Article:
"Rules, laws and acts are a necessary part of a society. In order to ensure the smooth running of the society, it is important that everyone knows what a person can do and cannot do. It helps everyone be treated as the same under the law. The laws and rules ensure that each individual must follow a set of guidelines and if/she ends up breaking any of those rules they must accept the consequences no matter their social standing or position. Acts and laws are actually more connected and can be considered as the same thing. However, some people may argue that they are different. Acts are what give birth to laws. Confused?"

 

 

 

We feel that the 1872 Mining Act is at this moment being tested in real time.  The need in 1872 was no less important than now.  The total value of the 1872 act has grown to be the essence of forward thinking.  I can't imagine what our small-scale opportunities will evolve into if we trash the original 1872 act/law.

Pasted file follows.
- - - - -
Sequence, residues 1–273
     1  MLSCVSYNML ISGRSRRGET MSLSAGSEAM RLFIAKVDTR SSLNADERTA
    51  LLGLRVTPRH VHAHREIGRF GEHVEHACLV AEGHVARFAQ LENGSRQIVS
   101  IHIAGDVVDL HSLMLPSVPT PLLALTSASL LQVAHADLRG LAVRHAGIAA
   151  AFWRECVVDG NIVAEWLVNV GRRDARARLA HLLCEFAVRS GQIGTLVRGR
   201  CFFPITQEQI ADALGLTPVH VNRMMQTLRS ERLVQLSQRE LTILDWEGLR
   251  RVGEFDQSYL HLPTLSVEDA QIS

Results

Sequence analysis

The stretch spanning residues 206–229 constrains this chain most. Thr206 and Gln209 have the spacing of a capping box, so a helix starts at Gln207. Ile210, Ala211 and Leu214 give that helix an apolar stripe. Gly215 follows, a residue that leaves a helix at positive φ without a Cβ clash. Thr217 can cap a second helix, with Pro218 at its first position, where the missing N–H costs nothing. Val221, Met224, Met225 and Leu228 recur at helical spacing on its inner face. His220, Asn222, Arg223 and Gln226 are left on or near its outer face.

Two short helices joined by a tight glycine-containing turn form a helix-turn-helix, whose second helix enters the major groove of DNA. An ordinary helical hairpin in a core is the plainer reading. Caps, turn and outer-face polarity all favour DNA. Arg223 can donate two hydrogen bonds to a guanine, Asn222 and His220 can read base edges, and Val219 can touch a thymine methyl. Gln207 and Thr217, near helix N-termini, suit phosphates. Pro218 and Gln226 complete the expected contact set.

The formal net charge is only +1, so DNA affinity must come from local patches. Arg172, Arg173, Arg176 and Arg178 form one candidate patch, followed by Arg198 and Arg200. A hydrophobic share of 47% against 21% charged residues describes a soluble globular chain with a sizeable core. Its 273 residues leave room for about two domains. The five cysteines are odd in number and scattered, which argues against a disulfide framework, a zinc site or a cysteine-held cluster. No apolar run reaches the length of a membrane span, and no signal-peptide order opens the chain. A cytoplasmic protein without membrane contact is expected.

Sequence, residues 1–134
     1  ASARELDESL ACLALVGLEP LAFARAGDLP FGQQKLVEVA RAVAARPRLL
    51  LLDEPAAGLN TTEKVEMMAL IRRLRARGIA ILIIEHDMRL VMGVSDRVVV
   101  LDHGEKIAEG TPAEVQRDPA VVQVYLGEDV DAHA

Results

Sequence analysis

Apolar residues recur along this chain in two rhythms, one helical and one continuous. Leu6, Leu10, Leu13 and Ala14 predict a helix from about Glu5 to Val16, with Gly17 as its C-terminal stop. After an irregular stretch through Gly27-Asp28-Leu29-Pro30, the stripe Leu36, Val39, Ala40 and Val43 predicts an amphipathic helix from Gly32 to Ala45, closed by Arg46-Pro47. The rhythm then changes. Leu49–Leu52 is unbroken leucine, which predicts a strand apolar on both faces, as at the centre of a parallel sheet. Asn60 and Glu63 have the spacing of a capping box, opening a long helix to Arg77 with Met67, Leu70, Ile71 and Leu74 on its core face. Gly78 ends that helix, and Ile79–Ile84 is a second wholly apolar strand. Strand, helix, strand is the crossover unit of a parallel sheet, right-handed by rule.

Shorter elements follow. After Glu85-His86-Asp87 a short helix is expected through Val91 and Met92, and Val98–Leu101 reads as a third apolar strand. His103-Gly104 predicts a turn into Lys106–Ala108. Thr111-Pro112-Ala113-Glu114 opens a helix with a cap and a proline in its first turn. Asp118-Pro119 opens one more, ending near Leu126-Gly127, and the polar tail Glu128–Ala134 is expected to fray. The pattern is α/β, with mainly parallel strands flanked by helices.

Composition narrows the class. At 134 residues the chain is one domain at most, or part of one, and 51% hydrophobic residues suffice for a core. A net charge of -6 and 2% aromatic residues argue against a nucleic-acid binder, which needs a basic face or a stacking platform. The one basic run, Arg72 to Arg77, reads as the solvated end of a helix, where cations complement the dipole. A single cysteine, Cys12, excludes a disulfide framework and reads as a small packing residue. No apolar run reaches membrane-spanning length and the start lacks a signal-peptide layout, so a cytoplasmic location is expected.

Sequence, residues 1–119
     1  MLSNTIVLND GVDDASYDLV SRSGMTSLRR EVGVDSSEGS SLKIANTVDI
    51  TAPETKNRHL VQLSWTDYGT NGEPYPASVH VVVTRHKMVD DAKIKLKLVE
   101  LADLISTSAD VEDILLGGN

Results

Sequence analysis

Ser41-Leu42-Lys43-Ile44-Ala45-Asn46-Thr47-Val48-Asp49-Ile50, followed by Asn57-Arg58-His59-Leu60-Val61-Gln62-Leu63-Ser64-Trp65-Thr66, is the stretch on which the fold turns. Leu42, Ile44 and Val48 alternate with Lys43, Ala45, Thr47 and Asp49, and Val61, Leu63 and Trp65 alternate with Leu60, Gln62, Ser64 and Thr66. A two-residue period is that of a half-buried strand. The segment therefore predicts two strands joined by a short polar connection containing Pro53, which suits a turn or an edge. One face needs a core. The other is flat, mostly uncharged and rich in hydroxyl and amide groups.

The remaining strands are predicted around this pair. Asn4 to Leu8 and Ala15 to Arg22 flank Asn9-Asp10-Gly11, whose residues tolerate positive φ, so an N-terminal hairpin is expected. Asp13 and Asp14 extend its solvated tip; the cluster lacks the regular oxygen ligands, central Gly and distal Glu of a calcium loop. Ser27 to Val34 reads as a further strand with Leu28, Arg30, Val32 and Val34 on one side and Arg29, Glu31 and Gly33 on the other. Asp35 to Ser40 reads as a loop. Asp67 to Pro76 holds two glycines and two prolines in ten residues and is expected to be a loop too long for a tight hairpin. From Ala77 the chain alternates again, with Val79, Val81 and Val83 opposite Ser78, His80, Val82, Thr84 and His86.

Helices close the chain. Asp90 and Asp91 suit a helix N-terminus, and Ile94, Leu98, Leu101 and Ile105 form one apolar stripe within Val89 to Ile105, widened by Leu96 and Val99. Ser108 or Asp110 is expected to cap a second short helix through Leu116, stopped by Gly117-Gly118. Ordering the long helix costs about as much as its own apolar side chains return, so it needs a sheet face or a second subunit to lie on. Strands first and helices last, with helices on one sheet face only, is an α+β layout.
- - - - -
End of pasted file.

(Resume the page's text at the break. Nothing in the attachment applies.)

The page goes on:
I believe miners can prosper if the 1872 protective measures are respected.

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Clay,

 

The CLUE you are missing is the fact that a right is given to allow FREEDOM AND LIBERTY. LAWS limit or TAKE AWAY those rights - all in the name of providing "service", "management" and "protection". What services are provided by the Forest Service? What Management is provided by the Bureau of Land Management? Is the EPA protecting the environment or protecting special interest groups? With laws, we need "law enforcement". So, we have Forest Service Law Enforcement and BLM "Rangers" patrolling their respective domains. Forest Service District Rangers act as though they are de-facto Czars ruling over their "dominion".

 

The greatest impediment to mining today is over-regulation. Regulatory compliance and pandering to special interest groups costs jobs and creates a competitive advantage for other countries.

 

- Geowizard

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Another example of a right is the "right to bear arms".